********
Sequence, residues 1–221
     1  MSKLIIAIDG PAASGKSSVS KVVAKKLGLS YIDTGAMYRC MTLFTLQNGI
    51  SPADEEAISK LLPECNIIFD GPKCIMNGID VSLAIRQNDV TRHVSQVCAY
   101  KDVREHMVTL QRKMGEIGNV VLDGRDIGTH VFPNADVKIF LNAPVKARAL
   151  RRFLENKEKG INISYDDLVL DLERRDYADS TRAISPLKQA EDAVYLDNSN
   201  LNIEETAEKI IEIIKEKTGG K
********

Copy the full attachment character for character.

Sequence, residues 1–221
     1  MSKLIIAIDG PAASGKSSVS KVVAKKLGLS YIDTGAMYRC MTLFTLQNGI
    51  SPADEEAISK LLPECNIIFD GPKCIMNGID VSLAIRQNDV TRHVSQVCAY
   101  KDVREHMVTL QRKMGEIGNV VLDGRDIGTH VFPNADVKIF LNAPVKARAL
   151  RRFLENKEKG INISYDDLVL DLERRDYADS TRAISPLKQA EDAVYLDNSN
   201  LNIEETAEKI IEIIKEKTGG K